In FPL’s Motion to Dismiss, and at last week’s hearing, FPL continued to allege that the 2016 Florida Department of Environmental Protection (DEP) Consent Order and the 2015 Florida Department of Environmental Resources Management (DERM) Consent Agreement was a bar to the lawsuit. FPL attempted to make the case that the state and local regulators had fully addressed surface-water pollution concerns that were raised in the lawsuit as the grounds for dismissing the lawsuit.

Dr. Jose Barros, president of Tropical Audubon Society, said, “Despite FPL’s objections to the decision, we are closer to getting our day in court to prove that FPL’s proposed actions are inadequate to protect our communities, our two national parks and our threatened wildlife. FPL and state regulators need to take the necessary steps to respect and protect these fragile ecosystems for the sake of our region’s health and safety. Building cooling towers will abate the salt loading into Biscayne Bay and the Southern Everglades caused by outdated cooling canals.”

Plaintiffs’ Attorney Gary Davis argued that while DEP and DERM addressed some elements of past ground-water pollution, they failed to address the full scope of surface water discharges and did nothing to abate the source of pollution. Davis argued that state and local regulatory efforts categorically failed to address the ongoing violations of FPL’s permits.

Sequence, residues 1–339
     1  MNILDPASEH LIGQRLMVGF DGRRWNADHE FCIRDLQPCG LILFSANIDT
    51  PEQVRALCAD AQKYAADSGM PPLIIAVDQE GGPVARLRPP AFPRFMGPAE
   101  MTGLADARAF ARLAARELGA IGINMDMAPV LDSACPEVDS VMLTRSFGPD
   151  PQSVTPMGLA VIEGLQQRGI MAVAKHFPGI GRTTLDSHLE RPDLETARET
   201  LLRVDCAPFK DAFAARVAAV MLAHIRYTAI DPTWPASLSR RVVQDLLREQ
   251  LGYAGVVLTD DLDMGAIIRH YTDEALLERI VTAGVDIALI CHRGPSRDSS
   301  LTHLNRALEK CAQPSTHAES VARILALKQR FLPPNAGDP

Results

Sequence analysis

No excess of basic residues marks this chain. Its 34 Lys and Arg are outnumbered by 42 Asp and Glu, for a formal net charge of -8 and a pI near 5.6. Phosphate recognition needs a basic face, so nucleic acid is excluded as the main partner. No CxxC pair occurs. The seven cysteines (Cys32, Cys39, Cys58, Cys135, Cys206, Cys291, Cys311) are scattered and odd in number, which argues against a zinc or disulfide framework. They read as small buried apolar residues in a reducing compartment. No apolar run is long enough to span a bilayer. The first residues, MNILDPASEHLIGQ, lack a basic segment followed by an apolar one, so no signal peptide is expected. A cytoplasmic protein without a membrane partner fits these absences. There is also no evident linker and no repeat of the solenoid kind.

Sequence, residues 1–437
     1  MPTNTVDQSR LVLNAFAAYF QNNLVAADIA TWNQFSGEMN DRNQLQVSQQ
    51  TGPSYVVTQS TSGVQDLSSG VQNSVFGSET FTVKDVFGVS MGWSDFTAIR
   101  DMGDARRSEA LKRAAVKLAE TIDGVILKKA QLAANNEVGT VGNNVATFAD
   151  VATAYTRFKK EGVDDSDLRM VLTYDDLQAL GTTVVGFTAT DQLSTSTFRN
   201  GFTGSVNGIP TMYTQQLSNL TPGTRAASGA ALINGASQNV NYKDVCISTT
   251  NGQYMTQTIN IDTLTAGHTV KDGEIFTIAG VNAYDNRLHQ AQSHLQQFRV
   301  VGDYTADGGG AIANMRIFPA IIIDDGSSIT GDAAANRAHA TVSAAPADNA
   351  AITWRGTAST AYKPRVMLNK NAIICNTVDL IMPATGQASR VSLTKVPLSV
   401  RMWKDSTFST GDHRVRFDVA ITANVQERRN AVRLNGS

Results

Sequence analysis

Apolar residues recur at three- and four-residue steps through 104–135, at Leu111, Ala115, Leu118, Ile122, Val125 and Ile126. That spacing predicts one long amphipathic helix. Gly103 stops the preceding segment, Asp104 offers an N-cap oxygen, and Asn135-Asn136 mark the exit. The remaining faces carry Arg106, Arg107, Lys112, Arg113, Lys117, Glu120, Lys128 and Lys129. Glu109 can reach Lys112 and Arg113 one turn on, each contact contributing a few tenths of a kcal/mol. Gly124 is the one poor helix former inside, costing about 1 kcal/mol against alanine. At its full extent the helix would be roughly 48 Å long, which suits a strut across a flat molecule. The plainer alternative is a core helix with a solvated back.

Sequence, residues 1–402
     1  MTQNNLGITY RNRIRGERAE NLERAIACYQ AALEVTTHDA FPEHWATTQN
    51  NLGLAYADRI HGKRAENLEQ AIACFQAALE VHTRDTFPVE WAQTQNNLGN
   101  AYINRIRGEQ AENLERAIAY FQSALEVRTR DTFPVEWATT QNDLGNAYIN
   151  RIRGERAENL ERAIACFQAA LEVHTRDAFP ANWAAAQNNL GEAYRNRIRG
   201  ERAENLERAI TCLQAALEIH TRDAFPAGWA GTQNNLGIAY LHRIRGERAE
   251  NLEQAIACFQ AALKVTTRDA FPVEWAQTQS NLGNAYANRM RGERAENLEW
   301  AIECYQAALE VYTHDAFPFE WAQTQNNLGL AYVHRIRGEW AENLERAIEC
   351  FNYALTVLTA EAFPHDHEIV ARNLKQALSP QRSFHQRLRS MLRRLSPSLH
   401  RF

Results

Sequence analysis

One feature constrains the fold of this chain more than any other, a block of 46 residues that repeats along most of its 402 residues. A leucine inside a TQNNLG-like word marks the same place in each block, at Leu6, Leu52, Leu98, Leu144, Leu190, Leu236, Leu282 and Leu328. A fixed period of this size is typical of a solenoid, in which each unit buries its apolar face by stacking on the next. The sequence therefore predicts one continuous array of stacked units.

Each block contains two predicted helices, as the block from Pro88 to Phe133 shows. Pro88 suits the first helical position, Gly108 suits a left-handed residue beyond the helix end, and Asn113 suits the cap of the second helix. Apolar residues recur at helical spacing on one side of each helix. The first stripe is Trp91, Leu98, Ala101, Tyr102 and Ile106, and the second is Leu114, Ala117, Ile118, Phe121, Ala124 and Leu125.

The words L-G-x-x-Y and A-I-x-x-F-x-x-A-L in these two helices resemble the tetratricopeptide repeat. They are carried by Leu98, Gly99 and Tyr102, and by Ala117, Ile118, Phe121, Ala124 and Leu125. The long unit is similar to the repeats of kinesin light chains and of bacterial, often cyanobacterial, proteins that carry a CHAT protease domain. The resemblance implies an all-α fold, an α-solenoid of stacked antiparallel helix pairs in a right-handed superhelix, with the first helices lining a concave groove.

The Plaintiffs maintain that FPL’s cooling canal system will continue to harm Biscayne Bay and aquifer until comprehensive corrective action, such as replacing the antiquated cooling canals with new technology, is required.

“Judge Gayles’ decision represents an important, initial win for Floridians despite FPL’s continuing efforts to obstruct our case,” said Alan Farago, conservation chair of Friends of the Everglades. “With these threats to people and natural resources so clearly visible, we hope federal law can protect us when the state of Florida won’t. We’ve had our day in court and we will have another and another until FPL fixes its Turkey Point problems, once and for all.”

In a related proceeding, Southern Alliance for Clean Energy (SACE) recently filed its brief with the Florida Public Service Commission (PSC) arguing that customers should not have to pay for the cleanup of the underground contamination plume created by FPL’s negligent operation of the Turkey Point cooling canals for decades. The Commission will render a final decision on FPL’s request in the Environmental Cost Recovery Clause docket on December 12, 2017.

Additional Information:

Find the September 20, 2017 Magistrate Judge Alicia M. Otazo-Reyes’ Report and Recommendation denying FPL’s Motion to Dismiss here.

Find the original July 13, 2016 Clean Water Act lawsuit filing here and the amended complaint filed on October 11, 2016 here.

A telepress conference held by the citizen groups from August 2, 2017, explaining their case can be downloaded here.

Find the filed, expert declaration from Kirk Martin, a hydro-geologist and president of Water Science Associates, explaining the inadequacies with the enforcement efforts by the State (DEP). In August the groups filed a supplemental expert declaration further explaining how the County (DERM) regulatory agreement was similarly inadequate.